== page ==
Last Updated On: 7/22/2010 12:11:53 PM
ATLANTA — A federal judge has rejected demands from Florida that more water be released from Lake Lanier, Metro Atlanta’s main source for drinking water.
U.S. District Court Judge Paul Magnuson on Wednesday rejected Florida’s request that more water be released from the lake to help endangered or threatened species in the Apalachicola and other rivers. Those species are the Gulf sturgeon, fat threeridge mussel and the purple bankclimber mussel.
“Judge Magnuson’s rejection of Florida’s efforts to seek a judicial decree for higher downstream flows that were not supported by science or the law is a major victory for Georgia,” Governor Sonny Perdue said in a statement Thursday. “Any kind of higher guaranteed flow for Florida would have put a strain on Georgia communities up and down the Chattahoochee River. We always felt the use of the Endangered Species Act was just a ruse to try and wring more water out of Georgia. Judge Magnuson recognized that and issued a common-sense ruling that allows the three states to continue meaningful talks.”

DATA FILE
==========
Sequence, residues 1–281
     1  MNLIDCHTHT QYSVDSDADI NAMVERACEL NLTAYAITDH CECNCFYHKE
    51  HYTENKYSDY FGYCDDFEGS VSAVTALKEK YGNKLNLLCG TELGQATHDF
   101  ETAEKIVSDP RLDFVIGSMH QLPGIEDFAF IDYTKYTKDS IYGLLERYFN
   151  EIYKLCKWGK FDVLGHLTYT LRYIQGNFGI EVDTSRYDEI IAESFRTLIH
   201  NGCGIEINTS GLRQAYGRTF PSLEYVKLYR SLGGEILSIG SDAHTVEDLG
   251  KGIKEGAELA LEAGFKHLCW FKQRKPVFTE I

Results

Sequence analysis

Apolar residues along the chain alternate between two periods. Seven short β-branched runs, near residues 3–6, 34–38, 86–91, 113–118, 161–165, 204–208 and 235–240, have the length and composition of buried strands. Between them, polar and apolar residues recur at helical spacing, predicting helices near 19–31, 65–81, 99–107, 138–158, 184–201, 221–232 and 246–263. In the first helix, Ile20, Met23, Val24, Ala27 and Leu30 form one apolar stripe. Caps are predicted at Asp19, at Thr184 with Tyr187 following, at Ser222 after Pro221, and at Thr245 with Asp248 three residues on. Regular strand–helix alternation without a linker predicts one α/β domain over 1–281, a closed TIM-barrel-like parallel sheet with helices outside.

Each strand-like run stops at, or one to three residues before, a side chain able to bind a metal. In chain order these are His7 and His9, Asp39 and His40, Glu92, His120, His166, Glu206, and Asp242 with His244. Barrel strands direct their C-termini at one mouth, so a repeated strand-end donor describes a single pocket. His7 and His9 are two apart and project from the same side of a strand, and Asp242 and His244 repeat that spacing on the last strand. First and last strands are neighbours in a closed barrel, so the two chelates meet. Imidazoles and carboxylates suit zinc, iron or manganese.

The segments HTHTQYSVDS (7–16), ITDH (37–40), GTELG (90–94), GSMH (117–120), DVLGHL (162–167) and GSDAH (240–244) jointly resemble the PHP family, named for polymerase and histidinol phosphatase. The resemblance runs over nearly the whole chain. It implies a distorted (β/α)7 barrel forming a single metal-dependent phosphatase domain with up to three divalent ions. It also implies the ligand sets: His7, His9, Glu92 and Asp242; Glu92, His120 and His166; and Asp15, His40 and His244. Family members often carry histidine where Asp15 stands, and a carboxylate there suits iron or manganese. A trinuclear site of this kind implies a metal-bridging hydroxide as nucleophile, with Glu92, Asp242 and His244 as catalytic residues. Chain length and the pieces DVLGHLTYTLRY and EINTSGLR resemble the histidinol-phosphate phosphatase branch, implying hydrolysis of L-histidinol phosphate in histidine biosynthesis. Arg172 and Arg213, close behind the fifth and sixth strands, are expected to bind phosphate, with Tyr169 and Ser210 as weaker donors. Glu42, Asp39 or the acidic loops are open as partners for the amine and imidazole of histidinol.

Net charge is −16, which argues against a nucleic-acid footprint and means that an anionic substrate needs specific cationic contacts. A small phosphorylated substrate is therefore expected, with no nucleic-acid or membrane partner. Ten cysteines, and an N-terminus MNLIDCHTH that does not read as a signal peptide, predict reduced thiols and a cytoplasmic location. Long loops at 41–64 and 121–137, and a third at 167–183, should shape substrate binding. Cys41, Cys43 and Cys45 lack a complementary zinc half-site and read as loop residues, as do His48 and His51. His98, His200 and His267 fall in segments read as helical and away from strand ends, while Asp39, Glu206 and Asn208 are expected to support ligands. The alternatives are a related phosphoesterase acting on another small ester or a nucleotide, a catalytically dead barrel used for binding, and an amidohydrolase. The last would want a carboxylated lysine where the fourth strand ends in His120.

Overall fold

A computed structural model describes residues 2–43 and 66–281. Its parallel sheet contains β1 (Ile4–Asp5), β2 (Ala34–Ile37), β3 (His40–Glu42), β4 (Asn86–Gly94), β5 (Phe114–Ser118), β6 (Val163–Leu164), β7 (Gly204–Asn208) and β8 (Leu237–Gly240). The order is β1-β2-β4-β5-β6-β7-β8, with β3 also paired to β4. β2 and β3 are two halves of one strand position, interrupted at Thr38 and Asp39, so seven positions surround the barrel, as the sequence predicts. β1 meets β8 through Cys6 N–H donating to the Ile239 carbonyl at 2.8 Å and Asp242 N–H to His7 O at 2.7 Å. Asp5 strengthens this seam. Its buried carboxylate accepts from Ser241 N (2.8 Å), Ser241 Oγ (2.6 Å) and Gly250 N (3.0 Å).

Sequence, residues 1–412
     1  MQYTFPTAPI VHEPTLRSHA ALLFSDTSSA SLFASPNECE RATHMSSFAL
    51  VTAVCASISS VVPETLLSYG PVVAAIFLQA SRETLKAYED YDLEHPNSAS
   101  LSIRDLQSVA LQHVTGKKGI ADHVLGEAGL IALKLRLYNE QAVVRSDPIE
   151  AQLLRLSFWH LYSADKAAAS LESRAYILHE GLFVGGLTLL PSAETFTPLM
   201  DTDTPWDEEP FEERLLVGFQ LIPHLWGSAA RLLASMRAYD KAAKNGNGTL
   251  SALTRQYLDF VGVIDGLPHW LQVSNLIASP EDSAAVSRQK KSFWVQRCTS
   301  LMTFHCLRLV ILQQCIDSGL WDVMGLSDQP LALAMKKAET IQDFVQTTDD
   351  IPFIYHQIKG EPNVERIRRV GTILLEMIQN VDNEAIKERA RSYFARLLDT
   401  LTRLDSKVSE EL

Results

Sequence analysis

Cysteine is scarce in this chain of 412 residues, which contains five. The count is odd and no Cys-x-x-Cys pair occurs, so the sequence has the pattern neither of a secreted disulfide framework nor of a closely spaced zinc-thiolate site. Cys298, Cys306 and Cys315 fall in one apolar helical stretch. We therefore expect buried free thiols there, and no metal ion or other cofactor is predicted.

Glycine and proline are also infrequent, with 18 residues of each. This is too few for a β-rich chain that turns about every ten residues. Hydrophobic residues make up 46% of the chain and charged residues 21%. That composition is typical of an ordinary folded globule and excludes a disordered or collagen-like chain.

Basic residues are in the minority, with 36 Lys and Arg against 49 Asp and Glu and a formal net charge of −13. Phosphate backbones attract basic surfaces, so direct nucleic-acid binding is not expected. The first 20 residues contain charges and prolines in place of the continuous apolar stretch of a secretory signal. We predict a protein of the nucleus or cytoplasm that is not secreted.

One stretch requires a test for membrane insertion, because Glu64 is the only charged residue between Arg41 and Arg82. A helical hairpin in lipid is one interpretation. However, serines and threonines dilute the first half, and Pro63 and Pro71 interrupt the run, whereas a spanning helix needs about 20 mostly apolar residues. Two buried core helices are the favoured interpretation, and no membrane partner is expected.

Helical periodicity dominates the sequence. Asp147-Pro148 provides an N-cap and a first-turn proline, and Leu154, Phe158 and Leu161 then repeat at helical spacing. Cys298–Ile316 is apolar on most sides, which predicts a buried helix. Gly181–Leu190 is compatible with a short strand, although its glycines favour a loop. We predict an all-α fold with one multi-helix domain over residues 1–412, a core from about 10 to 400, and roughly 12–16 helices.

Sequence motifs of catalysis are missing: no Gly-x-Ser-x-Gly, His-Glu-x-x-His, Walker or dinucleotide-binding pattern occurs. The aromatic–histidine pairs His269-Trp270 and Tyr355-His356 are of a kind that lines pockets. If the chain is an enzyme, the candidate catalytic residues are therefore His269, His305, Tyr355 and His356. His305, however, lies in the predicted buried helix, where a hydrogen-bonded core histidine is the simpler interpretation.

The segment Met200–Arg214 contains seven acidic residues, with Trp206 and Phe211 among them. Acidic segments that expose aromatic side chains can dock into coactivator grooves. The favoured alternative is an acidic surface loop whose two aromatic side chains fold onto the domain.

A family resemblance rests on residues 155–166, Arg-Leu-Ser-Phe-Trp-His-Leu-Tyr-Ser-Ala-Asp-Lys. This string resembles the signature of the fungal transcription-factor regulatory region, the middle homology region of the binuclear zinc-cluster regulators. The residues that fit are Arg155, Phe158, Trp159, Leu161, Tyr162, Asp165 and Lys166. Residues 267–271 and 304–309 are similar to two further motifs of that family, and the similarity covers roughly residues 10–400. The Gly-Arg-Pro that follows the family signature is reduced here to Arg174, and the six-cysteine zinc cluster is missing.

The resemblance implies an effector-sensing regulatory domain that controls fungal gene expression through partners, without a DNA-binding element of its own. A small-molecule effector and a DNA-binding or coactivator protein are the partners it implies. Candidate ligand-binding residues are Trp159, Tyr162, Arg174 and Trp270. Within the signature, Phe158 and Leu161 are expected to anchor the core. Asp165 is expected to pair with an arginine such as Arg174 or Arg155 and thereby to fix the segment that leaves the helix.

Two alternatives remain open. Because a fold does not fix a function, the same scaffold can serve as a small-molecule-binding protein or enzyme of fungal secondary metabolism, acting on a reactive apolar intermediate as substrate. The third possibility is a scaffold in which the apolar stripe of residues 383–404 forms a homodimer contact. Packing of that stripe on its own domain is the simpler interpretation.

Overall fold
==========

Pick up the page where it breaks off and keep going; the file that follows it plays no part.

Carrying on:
Judge Magnuson has threatened to severely restrict Metro Atlanta’s use of the reservoir by 2012 unless leaders in Georgia, Alabama and Florida can strike a deal.
“With this ruling in hand, it is time for the three governors to come back together at the negotiating table and continue our ongoing efforts to finally reach a water-sharing agreement that benefits all three states,” Perdue said. “We stand ready and willing to engage at the earliest opportunity possible.”
Magnuson earlier ruled that Atlanta has little legal right to drinking water from Lake Lanier.